I remember searching the internet for clues on how to school a child who does not speak your language, how to catch them up quickly. I remember the search for materials that could help us, help him, and help us help him! I remember finding next to nothing. I remember calling schools, frantic, asking what they could do for my son (turns out, beyond Spanish students, there’s not much for older children from different languages when it comes to integrating them into school. Their solution? Stick him in a Kindergarten class with children 2 years younger than him and leave him there so that he’d always be 2 years older than the other kids.) It felt like everywhere I turned, people encouraged me to put him in the hands of our local schools… they didn’t believe I could do it. Heck, I wasn’t even sure I believed in me… so why should they?
I’ll admit… taking a child who had NEVER had any formal schooling and couldn’t speak our language…and trying to “catch him up” was a daunting task. Terrifying. I homeschool 2 of our other children, but we’ve never encountered barriers like this. They are EASY to homeschool. They are motivated and quick-learners. It wasn’t until I was told that they’d simply “stick” him in Kindergarten to sink or swim that I decided I could AT LEAST do that. I could AT LEAST get him to Kindergarten, if nothing else. And, I could give him more than 30 minutes of one on one time that the school was offering. I could do that much, I knew.
And, 21 weeks and 2 days later… this is what I’ve learned:
- You don’t have to catch your child up to where they need to be in the first year. If the schools in your area aren’t the best option for you (I know some schools do this VERY WELL and have experience with older adopted children transitioning in…or, at the very least… are willing to TRY and WORK CLOSELY WITH PARENTS). I kept thinking… must catch him up to 1st/2nd grade in the first school year (which only had 6 months left in it). It felt and looked like a mountain. It felt impossible. But, the truth is… we homeschool ALL.DAY.LONG. We may put the books away, but we keep learning. He has siblings that are eager to teach him all they know. We don’t have to take snow day breaks and our summer breaks will be filled with learning, too. And, when you have a classroom of 4 children, you can get MORE done in a shorter amount of time. (We have gotten through 1.5 grade levels in ONE school year before and another .5 during the summer.)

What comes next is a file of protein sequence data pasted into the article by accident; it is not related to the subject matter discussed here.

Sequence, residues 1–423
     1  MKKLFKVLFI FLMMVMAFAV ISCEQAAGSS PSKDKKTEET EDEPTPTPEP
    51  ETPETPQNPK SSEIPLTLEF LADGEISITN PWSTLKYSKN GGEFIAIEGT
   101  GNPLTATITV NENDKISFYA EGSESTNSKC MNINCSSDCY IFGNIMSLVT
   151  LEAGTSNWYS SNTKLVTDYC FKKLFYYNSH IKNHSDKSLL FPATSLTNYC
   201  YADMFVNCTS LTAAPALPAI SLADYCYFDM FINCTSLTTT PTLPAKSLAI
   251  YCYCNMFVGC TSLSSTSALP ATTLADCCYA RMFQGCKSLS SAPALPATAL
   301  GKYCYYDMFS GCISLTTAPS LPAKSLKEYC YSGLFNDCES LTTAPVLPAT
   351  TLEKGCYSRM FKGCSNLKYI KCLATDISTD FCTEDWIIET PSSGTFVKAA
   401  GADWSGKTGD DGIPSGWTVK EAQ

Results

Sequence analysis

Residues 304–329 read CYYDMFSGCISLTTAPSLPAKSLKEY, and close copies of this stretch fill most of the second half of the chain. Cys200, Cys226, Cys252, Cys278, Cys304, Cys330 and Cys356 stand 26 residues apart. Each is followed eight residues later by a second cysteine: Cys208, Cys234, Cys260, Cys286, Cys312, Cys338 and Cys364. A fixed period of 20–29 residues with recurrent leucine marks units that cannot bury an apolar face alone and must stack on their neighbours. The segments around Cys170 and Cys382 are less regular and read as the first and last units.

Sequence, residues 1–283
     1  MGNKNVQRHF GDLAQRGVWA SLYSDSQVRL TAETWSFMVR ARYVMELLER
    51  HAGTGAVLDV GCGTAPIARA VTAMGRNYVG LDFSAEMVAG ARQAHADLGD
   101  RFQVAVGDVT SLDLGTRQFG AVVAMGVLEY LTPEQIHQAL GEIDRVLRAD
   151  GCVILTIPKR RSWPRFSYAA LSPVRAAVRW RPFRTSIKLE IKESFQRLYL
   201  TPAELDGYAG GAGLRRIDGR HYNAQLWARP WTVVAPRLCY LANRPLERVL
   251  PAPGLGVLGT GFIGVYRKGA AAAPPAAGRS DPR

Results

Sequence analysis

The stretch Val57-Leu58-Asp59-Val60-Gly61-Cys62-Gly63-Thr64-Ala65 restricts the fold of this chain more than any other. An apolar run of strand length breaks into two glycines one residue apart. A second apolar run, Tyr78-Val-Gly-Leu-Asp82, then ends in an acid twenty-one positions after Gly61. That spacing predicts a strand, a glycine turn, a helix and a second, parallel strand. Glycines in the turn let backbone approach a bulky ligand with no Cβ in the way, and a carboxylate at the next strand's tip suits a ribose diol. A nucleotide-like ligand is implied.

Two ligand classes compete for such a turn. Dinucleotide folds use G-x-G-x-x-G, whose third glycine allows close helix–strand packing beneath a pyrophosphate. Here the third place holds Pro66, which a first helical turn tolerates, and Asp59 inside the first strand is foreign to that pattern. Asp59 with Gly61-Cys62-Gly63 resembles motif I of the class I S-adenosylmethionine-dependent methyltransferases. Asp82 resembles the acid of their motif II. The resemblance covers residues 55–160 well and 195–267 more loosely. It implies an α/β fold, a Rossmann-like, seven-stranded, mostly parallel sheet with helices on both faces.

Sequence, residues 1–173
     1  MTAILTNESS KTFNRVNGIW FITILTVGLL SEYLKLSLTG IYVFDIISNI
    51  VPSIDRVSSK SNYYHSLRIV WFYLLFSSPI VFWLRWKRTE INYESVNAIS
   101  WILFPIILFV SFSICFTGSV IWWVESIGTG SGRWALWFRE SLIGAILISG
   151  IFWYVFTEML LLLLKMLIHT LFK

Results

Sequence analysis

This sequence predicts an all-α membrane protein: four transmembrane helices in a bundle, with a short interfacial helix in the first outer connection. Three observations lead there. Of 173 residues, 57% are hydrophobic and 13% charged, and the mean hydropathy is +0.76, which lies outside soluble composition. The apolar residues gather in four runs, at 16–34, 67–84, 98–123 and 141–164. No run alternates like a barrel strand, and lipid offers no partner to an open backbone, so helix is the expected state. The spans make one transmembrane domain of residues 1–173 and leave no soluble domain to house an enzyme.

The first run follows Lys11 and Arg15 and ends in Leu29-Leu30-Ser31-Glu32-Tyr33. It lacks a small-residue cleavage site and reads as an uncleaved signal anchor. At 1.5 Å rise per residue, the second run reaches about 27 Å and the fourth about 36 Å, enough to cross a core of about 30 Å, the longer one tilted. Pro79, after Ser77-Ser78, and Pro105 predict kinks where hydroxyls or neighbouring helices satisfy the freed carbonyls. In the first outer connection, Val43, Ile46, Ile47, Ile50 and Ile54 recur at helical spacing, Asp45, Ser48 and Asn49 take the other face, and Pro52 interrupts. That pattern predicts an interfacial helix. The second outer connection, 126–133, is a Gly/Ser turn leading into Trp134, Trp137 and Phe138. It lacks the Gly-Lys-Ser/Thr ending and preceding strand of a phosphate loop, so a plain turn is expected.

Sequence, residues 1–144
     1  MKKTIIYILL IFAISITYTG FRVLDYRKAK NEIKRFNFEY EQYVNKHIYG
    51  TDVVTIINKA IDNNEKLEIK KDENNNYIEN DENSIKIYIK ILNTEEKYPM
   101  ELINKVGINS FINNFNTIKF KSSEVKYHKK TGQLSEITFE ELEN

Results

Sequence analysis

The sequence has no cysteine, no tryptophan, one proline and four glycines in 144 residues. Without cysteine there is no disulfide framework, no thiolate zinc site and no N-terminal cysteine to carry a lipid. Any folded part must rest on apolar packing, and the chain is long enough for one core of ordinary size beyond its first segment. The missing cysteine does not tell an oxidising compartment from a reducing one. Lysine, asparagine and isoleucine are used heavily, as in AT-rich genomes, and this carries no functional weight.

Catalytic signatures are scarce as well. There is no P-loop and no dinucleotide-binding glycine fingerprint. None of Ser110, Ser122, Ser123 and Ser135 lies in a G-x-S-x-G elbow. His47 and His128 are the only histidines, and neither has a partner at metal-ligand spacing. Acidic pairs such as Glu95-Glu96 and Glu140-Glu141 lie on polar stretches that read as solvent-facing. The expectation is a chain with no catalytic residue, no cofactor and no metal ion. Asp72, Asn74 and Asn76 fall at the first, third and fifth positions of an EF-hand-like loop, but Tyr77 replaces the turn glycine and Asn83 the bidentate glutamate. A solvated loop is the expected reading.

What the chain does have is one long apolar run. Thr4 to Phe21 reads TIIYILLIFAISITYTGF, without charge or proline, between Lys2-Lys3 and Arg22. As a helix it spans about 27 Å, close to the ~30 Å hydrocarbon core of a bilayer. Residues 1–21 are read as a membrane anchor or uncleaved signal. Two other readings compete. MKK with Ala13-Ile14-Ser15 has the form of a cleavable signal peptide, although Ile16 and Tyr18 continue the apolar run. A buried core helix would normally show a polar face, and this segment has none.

- When “Z” first came home, he didn’t know his alphabet, colors, English, numbers, or how this world worked. Needless to say, basic etiquette, how to eat in public, safety rules, etc… all BRAND NEW! EVERYTHING was new. I wasn’t prepared for that to this extreme! (I’m not sure why! It makes COMPLETE SENSE!) So, we began with PRE-K and toddler lessons. The difference, though, was that he has the CAPACITY to learn quickly and deeply (unlike a toddler).
- We began with colors, ABCs, words, safety rules, manners, and numbers. We bought picture dictionaries (like what you’d buy for toddlers) and Richard Scarry’s books. The kids and my husband and I (and other family members) would take turns going through it with him, pointing out things and practicing naming them in English. We role-played for manners at the table and other places. We sang ABCs and practiced writing those and numbers. We put on ABC songs and ABC/counting dvds and practiced naming a new color each day. I had a sheet of paper that i tracked his new words (so I knew what else to work on with him) and in 3 weeks, he could say his ABCs and count to ten and name his colors. He could communicate at a basic level with words with us.
- Then, we began the Leap Frog letter factory DVD to learn his letter sounds. Each day before nap-time, the kids would watch it (even our 2nd grader and toddler still liked it!) We kept teaching new words, practiced writing letters and numbers. In about 1.5-2 weeks, he knew 90% of his letter sounds.
- At approximately 5 weeks, he “graduated” Preschool level!